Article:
1. This site uses cookies. By continuing to use this site, you are agreeing to our use of cookies. Learn More.
  2. Hi Guest, welcome to the TES Community!

    Connect with like-minded education professionals and have your say on the issues that matter to you.

    Don't forget to look at the how to guide.

    Dismiss Notice


Discussion in 'Private tutors' started by stevencarrwork, Sep 24, 2011.

  1. i have 36 students. I will have to lean to say no sometimes.

    I am swamped under the workload of trying to create a SOW for 36 students.

    All I can do is wing it from lesson to lesson.

    Why do so many people want maths tuititon?

    Are schools that bad?
  2. i have 36 students. I will have to lean to say no sometimes.

    I am swamped under the workload of trying to create a SOW for 36 students.

    All I can do is wing it from lesson to lesson.

    Why do so many people want maths tuititon?

    Are schools that bad?
  3. Parents are working harder and longer and have less time.
  4. Anonymous

    Anonymous New commenter

    Who do you teach during the day? That's a lot of pupils.
  5. That's the spirit! Value for money indeed.
  6. I have an adult, and some A-Level students have free periods during the day.

    I am trying to build up a question bank for them to use on their computers. One or two of my students have over 600 questions I have given them.

    That is a lot of work for both of us!

    But I also have to create question banks for C1,C2,C3,C4, M1, M2, S1,S2, FP1, FP2 as well as GCSE and Foundation.

    So all I can do is try to get enough resources piecemeal for the next lesson for the next person. Just wing it, until it all settles down and I have a scheme of work pretty settled.

    Of course, the exam boards will then change the spec and the exams....
  7. mystery10

    mystery10 Occasional commenter

    So do you tutor on the school doorstep?!
  8. I'm busy - I don't like taking on more than a handful of kids, and already I'm beyond that handful for the year with another to see tonight and possibly another who wants my details via a parent I'm working for. Don't usually expect the phone to start ringing off the hook for KS2 until after the first parents evening of the year in October so it's early this year.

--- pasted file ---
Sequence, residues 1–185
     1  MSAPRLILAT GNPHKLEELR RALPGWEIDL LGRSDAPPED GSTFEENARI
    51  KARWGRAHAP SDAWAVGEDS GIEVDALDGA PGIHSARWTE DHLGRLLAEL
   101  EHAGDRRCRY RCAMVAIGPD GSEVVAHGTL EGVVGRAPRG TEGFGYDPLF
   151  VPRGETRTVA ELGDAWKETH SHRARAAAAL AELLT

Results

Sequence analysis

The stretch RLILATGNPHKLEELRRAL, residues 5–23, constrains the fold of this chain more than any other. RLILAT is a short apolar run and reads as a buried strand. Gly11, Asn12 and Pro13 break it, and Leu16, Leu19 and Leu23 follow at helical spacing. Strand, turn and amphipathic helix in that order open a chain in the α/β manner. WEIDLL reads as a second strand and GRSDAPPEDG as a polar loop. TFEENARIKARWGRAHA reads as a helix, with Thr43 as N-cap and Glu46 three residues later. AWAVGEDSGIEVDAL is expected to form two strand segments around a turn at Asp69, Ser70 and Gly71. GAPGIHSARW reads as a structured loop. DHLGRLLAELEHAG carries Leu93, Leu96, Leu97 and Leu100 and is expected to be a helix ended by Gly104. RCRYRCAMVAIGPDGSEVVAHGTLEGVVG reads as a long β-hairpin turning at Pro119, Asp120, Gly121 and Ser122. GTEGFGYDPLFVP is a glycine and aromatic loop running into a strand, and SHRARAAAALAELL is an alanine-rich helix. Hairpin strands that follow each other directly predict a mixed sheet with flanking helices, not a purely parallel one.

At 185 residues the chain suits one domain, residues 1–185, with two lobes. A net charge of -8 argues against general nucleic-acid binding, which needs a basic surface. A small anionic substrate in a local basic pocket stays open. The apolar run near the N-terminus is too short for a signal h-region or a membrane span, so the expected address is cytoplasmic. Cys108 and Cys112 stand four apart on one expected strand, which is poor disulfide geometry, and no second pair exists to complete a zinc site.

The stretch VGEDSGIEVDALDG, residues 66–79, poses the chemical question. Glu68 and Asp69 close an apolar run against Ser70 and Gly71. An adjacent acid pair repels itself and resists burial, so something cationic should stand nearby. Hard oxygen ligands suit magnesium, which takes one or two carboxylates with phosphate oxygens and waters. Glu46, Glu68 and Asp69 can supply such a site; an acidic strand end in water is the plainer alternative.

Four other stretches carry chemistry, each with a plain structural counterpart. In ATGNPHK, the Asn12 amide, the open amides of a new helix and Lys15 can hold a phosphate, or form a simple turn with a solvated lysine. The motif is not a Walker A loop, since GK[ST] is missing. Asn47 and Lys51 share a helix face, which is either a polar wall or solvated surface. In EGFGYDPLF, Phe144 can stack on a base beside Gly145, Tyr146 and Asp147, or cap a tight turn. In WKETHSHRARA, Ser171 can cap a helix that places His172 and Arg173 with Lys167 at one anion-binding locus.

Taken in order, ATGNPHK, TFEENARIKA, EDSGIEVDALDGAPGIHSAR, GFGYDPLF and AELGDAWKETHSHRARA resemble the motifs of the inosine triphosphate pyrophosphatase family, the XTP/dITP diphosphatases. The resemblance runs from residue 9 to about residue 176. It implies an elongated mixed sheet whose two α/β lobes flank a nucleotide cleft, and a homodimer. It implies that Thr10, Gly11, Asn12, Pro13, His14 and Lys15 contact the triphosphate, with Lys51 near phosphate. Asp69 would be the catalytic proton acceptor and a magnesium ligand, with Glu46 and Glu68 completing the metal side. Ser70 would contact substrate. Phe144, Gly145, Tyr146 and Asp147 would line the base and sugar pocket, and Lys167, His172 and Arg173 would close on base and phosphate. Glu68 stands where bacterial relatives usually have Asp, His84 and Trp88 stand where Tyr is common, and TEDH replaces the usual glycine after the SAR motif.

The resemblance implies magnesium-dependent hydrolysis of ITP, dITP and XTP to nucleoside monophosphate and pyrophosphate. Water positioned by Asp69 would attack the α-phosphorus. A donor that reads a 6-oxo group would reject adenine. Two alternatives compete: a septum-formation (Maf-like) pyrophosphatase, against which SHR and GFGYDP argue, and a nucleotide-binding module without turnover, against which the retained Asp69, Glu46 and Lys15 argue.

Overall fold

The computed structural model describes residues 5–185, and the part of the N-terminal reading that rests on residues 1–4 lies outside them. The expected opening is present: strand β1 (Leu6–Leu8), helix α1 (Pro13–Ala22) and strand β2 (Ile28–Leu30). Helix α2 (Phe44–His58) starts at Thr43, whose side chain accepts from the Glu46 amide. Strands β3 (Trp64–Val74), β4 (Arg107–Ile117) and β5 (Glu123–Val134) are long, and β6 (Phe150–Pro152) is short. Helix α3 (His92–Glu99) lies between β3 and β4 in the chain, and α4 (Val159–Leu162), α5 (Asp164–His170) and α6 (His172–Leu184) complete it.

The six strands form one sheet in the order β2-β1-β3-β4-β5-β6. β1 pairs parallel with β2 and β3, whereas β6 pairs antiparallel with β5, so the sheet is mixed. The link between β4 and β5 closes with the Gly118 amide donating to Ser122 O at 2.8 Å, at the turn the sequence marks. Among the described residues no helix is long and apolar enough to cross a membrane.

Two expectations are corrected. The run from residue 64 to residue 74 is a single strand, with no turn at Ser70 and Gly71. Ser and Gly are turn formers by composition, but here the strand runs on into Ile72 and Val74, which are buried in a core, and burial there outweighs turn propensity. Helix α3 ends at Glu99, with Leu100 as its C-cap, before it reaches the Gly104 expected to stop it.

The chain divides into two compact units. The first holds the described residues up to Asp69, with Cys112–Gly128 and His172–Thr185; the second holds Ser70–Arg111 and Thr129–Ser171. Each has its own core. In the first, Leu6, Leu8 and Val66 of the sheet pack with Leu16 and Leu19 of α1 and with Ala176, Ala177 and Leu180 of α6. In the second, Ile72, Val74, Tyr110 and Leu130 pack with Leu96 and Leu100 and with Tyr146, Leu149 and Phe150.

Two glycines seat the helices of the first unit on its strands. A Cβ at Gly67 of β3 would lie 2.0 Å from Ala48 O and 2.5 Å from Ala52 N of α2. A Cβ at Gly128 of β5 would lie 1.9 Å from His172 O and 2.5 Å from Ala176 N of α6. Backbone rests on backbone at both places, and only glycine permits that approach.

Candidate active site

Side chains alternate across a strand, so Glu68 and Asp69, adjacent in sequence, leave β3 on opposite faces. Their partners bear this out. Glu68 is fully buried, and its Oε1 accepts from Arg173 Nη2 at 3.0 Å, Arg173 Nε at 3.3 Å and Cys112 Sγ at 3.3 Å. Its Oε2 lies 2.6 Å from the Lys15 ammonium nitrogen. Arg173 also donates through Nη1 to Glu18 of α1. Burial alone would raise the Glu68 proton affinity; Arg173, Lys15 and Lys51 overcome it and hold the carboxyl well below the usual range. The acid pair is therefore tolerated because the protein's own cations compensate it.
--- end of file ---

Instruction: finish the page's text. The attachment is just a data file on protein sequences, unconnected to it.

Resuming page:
9. Typhoon

    Typhoon New commenter

    Likewise - tuition enquiries seem to have gone mad since the very start of term this year, and they seem to be coming across all age groups and levels with no discrimination between GCSE and KS2 / 11+. Some of my current tutees want to increase their hours or add additional subjects, and I've taken several new tutees on and got another potential one to meet this week!

    Like MrFibble, I only really want a handful of pupils, as I juggle tutoring with supply work, all year round exam marking (Functional Skills) and ensuring have time to exercise my horses (which is getting increasingly difficult!), and I have already got a couple more tutees than I feel comfortable with, but the extra cash is nice. At this rate I think I'm going to have to start up a waiting list!
  10. I have as many students as I want just now. Even when I'm not too busy I turn people down if they're more than a fifteen minute drive away.....or if they're doing functional maths.

    I only charge £25/hour so I wouldn't consider spending ANY time on preparation. Most of my students have plenty of things they want to ask me about but if they run out of questions we can always resort to textbooks and exam papers.